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Is JaMarcus Russell's New Attitude Enough to Warrant Another Shot in the NFL?

OAKLAND, CA - NOVEMBER 15:  JaMarcus Russell #2 of the Oakland Raiders looks on against the Kansas City Chiefs during an NFL game at Oakland-Alameda County Coliseum on November 15, 2009 in Oakland, California.  (Photo by Jed Jacobsohn/Getty Images)
Jed Jacobsohn/Getty Images
Chris TrapassoAnalyst IMay 29, 2013

If JaMarcus Russell truly has fixed the problems that led to his plummet from a No. 1 overall pick to NFL unemployment—namely a general lack of desire, an unwarranted sense of entitlement and weight issues—then he'll get another shot in the pros.

Apparently, he is well on his way to fixing those problems.

He's been arduously training, and according to NFL Network's Ian Rapoport, he's already lost 50 pounds since he began training at the TEST Football Academy in California in February:

Today's JaMarcus Russell update: He's down to 265 pounds. He began his latest comeback at 315. Still work to be done. #progress

— Ian Rapoport (@RapSheet) May 28, 2013

Bleacher Report's own Aaron Nagler documented Russell's comeback from the start, as the quarterback worked with former NFL signal-caller Jeff Garcia.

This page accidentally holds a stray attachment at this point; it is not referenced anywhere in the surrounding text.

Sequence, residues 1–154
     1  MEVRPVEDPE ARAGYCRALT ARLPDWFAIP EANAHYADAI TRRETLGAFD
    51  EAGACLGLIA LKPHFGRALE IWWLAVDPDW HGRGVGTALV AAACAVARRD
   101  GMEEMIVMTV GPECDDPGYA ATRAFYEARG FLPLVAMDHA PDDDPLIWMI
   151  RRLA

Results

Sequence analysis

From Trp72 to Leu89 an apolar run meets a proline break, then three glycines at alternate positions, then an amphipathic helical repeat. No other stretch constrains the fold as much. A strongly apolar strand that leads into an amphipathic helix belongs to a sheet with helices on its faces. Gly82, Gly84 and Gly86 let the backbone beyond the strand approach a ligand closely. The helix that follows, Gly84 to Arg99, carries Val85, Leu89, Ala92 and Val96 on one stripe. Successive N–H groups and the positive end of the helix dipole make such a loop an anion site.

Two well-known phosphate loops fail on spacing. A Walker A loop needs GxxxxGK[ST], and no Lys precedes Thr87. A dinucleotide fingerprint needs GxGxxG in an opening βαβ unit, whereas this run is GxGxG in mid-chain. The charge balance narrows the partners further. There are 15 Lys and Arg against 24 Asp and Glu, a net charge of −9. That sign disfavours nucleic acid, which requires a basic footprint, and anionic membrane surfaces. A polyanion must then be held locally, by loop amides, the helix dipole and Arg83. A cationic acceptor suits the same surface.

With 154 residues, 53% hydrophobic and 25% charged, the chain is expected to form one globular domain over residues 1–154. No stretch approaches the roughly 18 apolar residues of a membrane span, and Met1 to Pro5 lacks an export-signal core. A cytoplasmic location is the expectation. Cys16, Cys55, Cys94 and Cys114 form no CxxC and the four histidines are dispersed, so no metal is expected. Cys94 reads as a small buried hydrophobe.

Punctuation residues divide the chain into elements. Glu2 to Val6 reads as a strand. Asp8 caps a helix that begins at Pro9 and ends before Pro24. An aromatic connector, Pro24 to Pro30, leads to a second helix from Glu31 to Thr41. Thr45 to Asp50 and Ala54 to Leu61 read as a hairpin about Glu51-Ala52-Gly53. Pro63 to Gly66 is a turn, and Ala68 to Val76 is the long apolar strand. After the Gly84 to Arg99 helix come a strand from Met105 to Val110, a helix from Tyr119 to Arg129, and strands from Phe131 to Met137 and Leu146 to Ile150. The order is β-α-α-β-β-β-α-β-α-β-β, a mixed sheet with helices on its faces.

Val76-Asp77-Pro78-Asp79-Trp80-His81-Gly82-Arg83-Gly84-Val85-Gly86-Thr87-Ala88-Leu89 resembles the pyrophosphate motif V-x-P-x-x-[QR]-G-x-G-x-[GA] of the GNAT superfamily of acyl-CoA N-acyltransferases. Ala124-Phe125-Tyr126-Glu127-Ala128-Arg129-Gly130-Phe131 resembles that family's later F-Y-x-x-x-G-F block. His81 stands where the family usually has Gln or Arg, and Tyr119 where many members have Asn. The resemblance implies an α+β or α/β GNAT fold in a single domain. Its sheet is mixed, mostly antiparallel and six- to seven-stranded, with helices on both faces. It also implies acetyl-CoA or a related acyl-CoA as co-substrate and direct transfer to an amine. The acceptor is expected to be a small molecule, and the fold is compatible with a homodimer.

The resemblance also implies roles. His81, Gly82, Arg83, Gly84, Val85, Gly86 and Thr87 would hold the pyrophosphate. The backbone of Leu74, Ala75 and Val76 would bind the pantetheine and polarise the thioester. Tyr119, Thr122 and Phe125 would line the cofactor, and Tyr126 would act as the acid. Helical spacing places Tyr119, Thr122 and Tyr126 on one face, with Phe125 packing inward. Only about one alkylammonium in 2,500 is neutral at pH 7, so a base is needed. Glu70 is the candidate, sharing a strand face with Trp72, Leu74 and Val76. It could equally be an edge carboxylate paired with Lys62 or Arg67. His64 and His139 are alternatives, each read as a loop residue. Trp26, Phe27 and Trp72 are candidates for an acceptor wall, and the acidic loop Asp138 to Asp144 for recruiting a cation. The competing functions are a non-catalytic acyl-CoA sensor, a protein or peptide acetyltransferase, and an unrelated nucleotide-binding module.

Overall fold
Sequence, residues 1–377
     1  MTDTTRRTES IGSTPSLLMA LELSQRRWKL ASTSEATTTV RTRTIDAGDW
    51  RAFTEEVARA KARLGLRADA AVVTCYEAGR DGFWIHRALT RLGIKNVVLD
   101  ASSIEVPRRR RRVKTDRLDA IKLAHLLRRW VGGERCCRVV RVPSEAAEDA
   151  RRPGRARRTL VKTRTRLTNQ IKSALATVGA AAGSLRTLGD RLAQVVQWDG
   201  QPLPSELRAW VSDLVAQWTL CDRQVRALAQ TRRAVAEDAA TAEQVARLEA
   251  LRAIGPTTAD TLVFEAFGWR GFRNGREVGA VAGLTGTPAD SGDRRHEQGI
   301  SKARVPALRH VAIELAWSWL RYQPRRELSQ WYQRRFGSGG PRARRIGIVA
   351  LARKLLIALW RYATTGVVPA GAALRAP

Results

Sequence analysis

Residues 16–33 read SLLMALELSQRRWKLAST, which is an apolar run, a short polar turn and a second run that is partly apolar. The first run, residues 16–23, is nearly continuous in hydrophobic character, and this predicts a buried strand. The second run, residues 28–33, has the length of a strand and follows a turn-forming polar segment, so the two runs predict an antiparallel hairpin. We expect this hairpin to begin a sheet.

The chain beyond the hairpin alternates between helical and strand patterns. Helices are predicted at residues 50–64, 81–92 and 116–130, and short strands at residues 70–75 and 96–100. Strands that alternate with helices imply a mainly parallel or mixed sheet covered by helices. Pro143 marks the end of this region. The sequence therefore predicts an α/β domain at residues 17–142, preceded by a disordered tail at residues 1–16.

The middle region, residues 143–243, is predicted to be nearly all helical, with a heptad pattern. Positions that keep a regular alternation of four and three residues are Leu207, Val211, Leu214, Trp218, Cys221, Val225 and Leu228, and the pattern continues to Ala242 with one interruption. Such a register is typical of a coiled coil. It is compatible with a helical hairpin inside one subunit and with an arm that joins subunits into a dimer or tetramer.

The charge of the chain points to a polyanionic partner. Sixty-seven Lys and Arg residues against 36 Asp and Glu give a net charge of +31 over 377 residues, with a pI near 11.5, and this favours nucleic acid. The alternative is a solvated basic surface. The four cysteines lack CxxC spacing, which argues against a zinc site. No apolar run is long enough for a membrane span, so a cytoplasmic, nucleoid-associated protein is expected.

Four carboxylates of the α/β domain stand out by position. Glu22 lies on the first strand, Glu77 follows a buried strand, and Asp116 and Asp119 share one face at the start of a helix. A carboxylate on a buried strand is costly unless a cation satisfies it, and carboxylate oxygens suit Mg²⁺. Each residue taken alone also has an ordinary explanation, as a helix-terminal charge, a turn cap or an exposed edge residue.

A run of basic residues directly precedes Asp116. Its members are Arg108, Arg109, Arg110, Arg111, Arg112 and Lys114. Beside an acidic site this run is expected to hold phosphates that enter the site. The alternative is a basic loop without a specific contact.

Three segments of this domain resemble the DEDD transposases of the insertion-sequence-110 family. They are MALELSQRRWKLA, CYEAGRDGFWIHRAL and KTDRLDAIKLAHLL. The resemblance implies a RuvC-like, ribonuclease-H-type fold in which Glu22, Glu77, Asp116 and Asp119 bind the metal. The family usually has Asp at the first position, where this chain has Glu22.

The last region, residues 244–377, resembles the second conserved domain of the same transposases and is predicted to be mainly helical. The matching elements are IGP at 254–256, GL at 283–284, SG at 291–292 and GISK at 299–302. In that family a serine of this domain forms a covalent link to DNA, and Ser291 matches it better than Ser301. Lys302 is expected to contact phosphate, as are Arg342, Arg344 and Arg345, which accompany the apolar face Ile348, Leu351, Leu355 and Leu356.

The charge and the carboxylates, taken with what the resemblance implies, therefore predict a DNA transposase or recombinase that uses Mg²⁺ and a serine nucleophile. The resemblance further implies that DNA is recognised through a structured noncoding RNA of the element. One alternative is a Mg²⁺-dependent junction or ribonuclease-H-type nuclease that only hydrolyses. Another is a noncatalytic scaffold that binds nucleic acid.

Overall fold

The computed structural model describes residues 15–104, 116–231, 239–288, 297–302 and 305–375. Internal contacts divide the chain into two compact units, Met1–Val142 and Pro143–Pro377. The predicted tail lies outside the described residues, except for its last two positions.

Russell has worked on everything, from regaining flexibility in important muscles to relearning his release and refining his accuracy. 

As NFL.com's Dan Hanzus pointed out, the 6'7'' Russell weighed exactly 265 pounds at the 2007 NFL Scouting Combine when he won over the late Al Davis

Hanzus cited the words of Rapoport on NFL Total Access in his article, which were as follows: "Russell would like to sign with a team where he can sit on the bench and learn behind a respected leader at quarterback."

With his training ongoing, he deserves a second chance. 

If the harsh reality of being one of the most catastrophic busts in NFL history and subsequent unemployment was needed to spark Russell's motivation, so be it. 

He appears more dedicated than ever, and there's no doubting his rocket arm.

While he's likely nowhere near starting, there are a few teams that could take a flier on him with hopes of him becoming a No. 3 quarterback.

With the upside the soon-to-be 28-year-old Russell still almost inconceivably possesses, he could eventually move into a backup role.

There are a handful of really bad starting quarterbacks in the NFL and plenty of atrocious backups and No. 3s. 

Sure, he hasn't played a down since 2009, but showing more commitment than ever before, JaMarcus Russell's new attitude should earn him another opportunity in the NFL. 

 

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